Aims to evaluate the effectiveness, cost-effectiveness and acceptability of treatments for men with localised prostate cancer in a pragmatic randomised controlled trial [RCT].
Background: There are currently no plans to introduce screening for prostate cancer in the UK because there is a lack of evidence that it would improve the quantity and quality of men's lives. One concern is the lack of evidence on the effectiveness of treatments. In particular, no survival advantage has been shown for any major treatment, and each can result in damaging complications and outcomes The aim of the ProtecT trial is to find out which treatments are best.The three treatments available in the ProtecT trial are: conformal radiotherapy, surgery and active monitoring. There are two components in the trial:
1. Early detection of prostate cancer with participants invited from general practices to attend clinics to be informed about the uncertainties of treatment and the implications of testing
2. A three-arm randomised trial of treatments for participants with localised prostate cancer
Trial progress: A feasibility study was conducted between 1999 and 2001, recruitment was between 1999 and 2009. The trial is currently in the follow-up phase with primary analysis planned for the end of 2015. The primary objective is to assess definite or probable prostate cancer specific mortality at a median of 10 years following randomisation. The trial is also linked to the ProMPT study and has a secondary objective to collect samples suitable for basic science research. These samples are stored in two mirror image bio-repositories at the Universities of Cambridge and Oxford.
Trial management: The trial has nine UK centres and is funded by the National Institute for Health Research [NIHR] Health Technology Assessment Programme [HTA]. Funding is allocated to 3 'hubs' - the Universities of Bristol, Cambridge and Oxford. Sponsorship is provided by the University of Oxford and the chief investigator is Professor Freddie Hamdy. The research activity is coordinated via the School of Social and Community Medicine, University of Bristol. The Oxford hub has funding to employ and support research staff at 4 of the ProtecT trial centres: lead nurse in brackets - Birmingham [Pauline Thompson], Leeds [Debbie Cooper], Leicester [Sue Bonnington] and Sheffield [Jo Howson].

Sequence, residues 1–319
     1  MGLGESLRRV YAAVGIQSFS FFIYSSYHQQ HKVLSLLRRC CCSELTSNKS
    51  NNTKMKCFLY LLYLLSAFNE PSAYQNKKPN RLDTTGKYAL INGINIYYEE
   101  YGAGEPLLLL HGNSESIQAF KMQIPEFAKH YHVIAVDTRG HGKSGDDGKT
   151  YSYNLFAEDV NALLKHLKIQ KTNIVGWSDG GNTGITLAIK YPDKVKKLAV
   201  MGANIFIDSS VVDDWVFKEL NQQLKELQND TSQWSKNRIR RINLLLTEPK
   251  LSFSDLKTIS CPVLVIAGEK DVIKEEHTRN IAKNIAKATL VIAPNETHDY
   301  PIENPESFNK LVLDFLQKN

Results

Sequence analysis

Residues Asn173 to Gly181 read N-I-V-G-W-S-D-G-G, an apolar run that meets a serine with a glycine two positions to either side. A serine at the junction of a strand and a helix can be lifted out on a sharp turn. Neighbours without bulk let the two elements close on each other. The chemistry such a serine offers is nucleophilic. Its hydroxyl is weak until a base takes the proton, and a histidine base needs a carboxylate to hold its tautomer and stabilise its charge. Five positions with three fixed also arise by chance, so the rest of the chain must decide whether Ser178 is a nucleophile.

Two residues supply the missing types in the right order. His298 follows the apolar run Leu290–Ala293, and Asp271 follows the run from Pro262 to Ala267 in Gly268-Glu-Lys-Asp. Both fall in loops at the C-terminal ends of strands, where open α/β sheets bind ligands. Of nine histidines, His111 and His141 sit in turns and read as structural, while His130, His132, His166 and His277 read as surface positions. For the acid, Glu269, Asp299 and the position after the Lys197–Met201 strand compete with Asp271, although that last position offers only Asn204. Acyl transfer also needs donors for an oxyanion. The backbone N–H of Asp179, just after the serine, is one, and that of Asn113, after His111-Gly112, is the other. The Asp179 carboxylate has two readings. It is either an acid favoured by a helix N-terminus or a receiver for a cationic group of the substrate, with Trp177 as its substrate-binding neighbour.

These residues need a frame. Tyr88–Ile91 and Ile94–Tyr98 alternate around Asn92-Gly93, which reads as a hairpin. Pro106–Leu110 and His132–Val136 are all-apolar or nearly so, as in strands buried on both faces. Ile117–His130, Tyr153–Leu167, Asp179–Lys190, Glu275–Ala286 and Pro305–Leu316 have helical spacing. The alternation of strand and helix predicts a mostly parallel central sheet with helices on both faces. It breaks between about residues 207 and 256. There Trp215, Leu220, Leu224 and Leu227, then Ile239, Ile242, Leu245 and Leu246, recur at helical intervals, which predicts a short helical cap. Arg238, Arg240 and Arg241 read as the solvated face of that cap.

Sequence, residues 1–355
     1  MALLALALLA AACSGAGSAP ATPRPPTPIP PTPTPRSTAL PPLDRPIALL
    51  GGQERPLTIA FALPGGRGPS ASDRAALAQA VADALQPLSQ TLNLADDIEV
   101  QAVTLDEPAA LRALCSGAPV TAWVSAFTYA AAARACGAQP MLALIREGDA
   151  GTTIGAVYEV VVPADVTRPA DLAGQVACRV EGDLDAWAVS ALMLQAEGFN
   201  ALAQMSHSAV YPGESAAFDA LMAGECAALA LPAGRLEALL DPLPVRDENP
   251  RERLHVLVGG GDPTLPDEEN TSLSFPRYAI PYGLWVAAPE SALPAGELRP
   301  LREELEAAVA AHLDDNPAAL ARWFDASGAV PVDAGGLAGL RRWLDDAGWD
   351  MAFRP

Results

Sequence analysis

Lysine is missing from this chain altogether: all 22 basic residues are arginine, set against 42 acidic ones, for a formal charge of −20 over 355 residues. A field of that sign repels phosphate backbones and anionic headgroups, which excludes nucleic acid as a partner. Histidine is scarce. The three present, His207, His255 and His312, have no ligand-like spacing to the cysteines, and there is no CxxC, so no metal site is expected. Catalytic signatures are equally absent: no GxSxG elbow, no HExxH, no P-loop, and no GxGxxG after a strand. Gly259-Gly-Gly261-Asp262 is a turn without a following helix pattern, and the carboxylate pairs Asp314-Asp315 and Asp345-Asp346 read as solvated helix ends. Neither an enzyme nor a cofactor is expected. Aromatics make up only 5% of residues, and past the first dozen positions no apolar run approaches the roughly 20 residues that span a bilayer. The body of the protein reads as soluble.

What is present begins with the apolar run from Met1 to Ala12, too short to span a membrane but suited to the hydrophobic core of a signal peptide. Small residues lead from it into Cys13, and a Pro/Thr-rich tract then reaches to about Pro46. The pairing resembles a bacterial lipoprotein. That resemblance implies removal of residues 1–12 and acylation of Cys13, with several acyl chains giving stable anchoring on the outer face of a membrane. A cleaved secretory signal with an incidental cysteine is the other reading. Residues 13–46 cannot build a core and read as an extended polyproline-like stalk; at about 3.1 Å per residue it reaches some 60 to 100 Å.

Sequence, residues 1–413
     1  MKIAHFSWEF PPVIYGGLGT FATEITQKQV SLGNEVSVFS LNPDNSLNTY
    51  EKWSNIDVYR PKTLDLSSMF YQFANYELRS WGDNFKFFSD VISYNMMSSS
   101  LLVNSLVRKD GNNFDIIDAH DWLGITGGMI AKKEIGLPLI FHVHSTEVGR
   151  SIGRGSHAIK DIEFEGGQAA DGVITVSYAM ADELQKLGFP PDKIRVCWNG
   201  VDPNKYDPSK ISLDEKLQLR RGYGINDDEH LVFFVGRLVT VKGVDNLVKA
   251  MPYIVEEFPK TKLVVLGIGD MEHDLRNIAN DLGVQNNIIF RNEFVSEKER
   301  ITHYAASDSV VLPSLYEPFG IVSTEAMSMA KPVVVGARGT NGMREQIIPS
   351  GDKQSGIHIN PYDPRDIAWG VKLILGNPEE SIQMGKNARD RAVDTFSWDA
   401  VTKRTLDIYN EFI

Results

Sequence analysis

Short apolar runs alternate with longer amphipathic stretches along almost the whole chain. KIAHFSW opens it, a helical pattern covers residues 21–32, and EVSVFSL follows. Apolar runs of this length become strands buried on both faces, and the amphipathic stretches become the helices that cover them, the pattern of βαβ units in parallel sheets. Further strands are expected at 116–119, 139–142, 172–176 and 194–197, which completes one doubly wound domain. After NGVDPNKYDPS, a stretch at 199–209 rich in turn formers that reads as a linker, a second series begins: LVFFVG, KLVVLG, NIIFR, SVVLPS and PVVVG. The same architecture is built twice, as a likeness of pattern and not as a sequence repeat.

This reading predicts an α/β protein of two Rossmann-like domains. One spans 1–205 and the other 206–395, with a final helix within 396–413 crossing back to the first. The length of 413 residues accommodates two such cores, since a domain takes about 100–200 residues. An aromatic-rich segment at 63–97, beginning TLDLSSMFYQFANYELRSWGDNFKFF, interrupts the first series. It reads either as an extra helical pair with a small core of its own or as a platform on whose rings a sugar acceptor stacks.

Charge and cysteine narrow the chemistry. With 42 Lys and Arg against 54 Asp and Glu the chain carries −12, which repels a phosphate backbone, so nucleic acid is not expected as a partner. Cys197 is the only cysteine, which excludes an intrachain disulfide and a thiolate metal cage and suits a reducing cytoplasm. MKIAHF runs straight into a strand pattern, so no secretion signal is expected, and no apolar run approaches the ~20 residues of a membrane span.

ProtecT Trial centres:
Bristol, Southmead Hospital, Lead Urologist, Mr David Gillatt
- Newcastle, Freeman Hospital, Lead Urologist, Mr Philip Powell
- Sheffield, Royal Hallamshire Hospital, Lead Urologist, Mr Derek Rosario
- Birmingham, Queen Elizabeth Hospital, Lead Urologist, Mr Alan Doherty
- Cardiff, University Hospital of Wales, Lead Urologist, Professor Howard Kynaston
- Edinburgh, Western General Hospital, Lead Urologist, Mr Prasad Bollina
- Cambridge, Addenbrookes Hospital, Lead Urologist, Professor David Neal
- Leicester, Leicester General Hospital, Lead Urologist, Mr Roger Kockelbergh
- Leeds, St James Hospital, Lead Urologist, Mr Alan Paul
Professor Jenny Donovan, Head of School, School of Social and Community Medicine, University of Bristol
- Professor Freddie Hamdy, Head of Nuffield Department of Surgical Sciences, University of Oxford
- Professor David Neal, Professor of Surgical Oncology, Addenbrooke's Hospital, Cambridge
Dr Athene Lane, Senior Research Fellow, School of Social and Community Medicine, University of Bristol